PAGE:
Posted by: Ben | October 21, 2008

Silver Age: S.T.A.L.K.E.R: Shadow Of Chernobyl

(videogame. GSC Game World / THQ. 2007.)

My second attempt at reviewing this one, which is still quite obviously nothing to do with the IF comp. That would break at least three of the rules, for a start. Spoilers now milder.

Ten weeks I spent in that Zone, living off Peperami and energy drinks, soaking up the radiation (luckily it was the Star Trek type of radiation, which either kills you or is eliminated from your body when you drink vodka, leaving you without so much as a malfunctioning salivary gland). There were no women, even the zombies carried guns, and decent living quarters were so desirable that dozens of bandits would lose their lives daily in doomed assaults on one derelict railway station.

As is traditional with such zones, there was a monolith at the centre (or rather, the top), which was rumoured to grant the wishes of anyone who touched it. Those trying to approach it had to make their way past an army of angry religious fanatics, and through the disappointingly small town of Pripayat.

I’d spent five years waiting to play S.T.A.L.K.E.R., having first heard of it before they decided to trim the “open world” aspects down. Perhaps if I hadn’t been looking forward to it quite so much, I wouldn’t have bothered, since the opening sections are fiendishly difficult and mostly involve dying repeatedly. It’s in those opening sections that the role-playing elements come to the fore. In your first mission, you’re sent to take on the bandits with only the leather jacket you stand up in. Soon you realise that if you don’t steal their peperami, you won’t be eating tonight. Then you start earning money by taking on jobs for the local gangsters and finding and selling bits of monsters and the game’s mysterious “artefacts”, working up to being able to afford a decent suit so you’re slightly less vulnerable to being shot.

After a while, you start to realise that the suits you need are lying around to be had for free if you know where to look (at least on Normal difficulty), and you concentrate on the shooting. And there’s certainly a lot of shooting to be had in the Zone. Despite the lack of women, the place is pretty busy most of the time. Every few yards, there’s a campfire, with people sitting around chatting and playing the guitar. Sadly there isn’t a “sit down” button, and although prior to release we were promised the opportunity to sleep out in the wild, your character is doomed to live without the need for sleep. Still, if a massively multiplayer version of S.T.A.L.K.E.R. doesn’t trickle out a few years down the line, I’ll eat my hat.

Role-playing makes a comeback in the middle game, where you get the chance to side with one the competing factions of Duty and Freedom or play them off against each other, but this is entirely optional and, hungry to find the game’s secrets, I happily ignored it completely.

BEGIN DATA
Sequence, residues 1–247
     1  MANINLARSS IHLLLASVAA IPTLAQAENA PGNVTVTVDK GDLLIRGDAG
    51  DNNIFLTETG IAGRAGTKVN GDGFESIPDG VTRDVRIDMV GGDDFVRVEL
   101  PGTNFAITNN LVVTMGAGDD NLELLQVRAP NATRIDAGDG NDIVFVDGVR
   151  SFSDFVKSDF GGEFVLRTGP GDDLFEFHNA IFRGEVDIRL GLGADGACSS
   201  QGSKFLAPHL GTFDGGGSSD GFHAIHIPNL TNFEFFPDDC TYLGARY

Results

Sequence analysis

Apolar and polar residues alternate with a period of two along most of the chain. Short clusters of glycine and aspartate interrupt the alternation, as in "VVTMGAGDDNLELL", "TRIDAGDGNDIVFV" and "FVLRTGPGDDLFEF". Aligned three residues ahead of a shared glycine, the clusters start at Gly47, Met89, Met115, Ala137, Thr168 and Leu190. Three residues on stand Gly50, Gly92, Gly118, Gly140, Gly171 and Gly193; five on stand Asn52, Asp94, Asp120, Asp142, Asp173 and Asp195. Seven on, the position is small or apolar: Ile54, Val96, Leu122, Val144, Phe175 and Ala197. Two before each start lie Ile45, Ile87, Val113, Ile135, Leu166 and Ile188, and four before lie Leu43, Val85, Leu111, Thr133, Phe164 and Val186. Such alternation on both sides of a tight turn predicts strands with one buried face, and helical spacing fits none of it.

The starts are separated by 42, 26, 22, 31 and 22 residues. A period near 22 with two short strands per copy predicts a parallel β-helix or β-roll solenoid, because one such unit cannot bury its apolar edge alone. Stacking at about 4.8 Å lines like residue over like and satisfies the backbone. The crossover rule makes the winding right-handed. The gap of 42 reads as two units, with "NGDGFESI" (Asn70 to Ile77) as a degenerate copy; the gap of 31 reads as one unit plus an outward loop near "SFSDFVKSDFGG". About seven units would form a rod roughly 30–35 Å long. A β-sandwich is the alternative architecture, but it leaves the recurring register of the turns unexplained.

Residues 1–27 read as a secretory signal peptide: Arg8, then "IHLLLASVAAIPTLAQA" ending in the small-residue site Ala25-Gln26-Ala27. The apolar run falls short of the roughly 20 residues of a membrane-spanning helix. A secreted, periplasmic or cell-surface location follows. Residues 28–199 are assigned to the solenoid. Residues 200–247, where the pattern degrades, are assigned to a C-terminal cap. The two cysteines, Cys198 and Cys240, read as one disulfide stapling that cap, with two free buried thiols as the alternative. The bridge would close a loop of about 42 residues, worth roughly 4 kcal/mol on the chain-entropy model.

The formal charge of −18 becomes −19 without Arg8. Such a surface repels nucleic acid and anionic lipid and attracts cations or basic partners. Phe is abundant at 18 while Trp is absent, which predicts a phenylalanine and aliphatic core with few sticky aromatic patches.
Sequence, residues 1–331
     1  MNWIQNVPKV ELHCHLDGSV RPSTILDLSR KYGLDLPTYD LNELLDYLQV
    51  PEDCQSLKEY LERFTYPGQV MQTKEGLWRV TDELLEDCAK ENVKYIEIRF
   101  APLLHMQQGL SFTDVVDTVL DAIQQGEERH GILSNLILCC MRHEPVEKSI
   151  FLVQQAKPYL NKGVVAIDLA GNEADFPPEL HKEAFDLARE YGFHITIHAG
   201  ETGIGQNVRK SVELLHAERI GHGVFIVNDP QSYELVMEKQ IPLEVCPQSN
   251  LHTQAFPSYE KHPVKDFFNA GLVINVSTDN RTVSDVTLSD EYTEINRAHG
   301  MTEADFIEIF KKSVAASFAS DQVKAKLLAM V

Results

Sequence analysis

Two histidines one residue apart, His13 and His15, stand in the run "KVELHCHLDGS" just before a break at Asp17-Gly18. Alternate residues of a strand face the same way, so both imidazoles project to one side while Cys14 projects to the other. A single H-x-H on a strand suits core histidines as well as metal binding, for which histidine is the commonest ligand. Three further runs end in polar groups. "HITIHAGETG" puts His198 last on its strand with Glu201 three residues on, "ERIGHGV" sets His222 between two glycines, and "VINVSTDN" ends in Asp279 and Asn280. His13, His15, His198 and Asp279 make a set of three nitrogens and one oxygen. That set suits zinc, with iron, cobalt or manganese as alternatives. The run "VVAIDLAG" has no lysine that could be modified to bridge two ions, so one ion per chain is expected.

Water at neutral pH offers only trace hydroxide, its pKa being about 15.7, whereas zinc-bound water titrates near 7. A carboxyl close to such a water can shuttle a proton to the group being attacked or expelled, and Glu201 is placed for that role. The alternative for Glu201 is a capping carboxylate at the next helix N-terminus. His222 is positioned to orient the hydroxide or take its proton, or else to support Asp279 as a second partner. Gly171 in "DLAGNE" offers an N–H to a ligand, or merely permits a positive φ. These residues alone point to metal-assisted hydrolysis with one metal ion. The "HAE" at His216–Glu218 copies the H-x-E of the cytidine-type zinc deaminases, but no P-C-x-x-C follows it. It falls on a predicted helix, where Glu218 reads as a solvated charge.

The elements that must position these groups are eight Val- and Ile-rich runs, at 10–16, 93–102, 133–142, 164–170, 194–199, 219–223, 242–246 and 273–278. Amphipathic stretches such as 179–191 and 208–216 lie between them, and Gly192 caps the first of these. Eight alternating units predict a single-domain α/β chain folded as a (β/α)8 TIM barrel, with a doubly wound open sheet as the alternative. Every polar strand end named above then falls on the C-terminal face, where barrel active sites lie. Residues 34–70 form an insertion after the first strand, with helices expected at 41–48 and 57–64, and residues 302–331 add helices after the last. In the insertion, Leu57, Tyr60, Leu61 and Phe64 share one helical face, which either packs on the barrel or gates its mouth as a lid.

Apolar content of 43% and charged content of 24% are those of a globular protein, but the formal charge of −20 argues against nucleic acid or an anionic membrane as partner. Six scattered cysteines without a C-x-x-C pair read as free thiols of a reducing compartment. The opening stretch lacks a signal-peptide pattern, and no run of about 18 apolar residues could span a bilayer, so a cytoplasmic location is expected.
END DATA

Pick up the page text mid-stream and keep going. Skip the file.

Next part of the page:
Most of the game consists of shooting the bad guys (identified as such by the fact that they shot at you first), in overground and underground settings. One of the earlier underground levels in particular is an exercise in claustrophobic horror reminiscent of the Cradle from Thief: Deadly Shadows (from which it borrows a few tricks and adds a couple of impressive ones of its own.) Other shocks are less effective – when a game features both creatures that can turn invisible and illusory monsters that appear to emerge from the ground in front of the player, it’s bad form for the same effects to appear as bugs, like when squads of heavily armed soldiers appear out of nowhere in full view and challenge you about what you’re doing there. There was one exchange with an NPC who vanished into thin air in mid sentence. I replayed the section and he still vanished in mid-sentence. I don’t know to this day whether the developers meant him to do that.

I’m not really qualified to comment on the quality of the graphics, except to say that if someone really did set my head on fire, that’s pretty much what I’d expect it to look like, so great job.

I am less sure that if there really were valuable objects and immense dangers to be had in the radioactive zone around Chernobyl, that it would be exactly like this. Only the area immediately south of the power plant is modelled – it would be nice if it was a circle (and – yes – if the playing area was around pi r-squared bigger, where r is the entire north-south distance of the whole game). At least it would seem like the warring factions were fighting over more than a farmhouse with half an acre of grassland. Getting saleable body parts off dead mutants is also a problem. It’s only the occasional Bloodsucker that has tentacles, the odd Snork that has a foot. The severe weight limit, which stops you from carrying more than a couple of guns at any time is more realistic, but it’s a source of frustration, especially when your weight limit and thus choice of available weapons is substantially increased in the late game by a military exoskeleton. Despite the Deus Ex approach of giving the player a say in how the story turns out, there’s no option to embrace non-violence.

Providing a change of tone, the optional final section, running and teleporting across a network of walkways out the back of the power plant, does a good impression of Half-Life 2. The shooting definitely gets better as the game progresses, as quite apart from the weight limit and the player’s determined vulnerability to bullets, the environments simply become more conducive to proper shoot-em-uppery.

Eight years after Deus Ex, it seems that developers are finally taking on board some of the possibilities that that game suggested. They’re not there yet, and that game remains unsurpassed. But they’re getting there.

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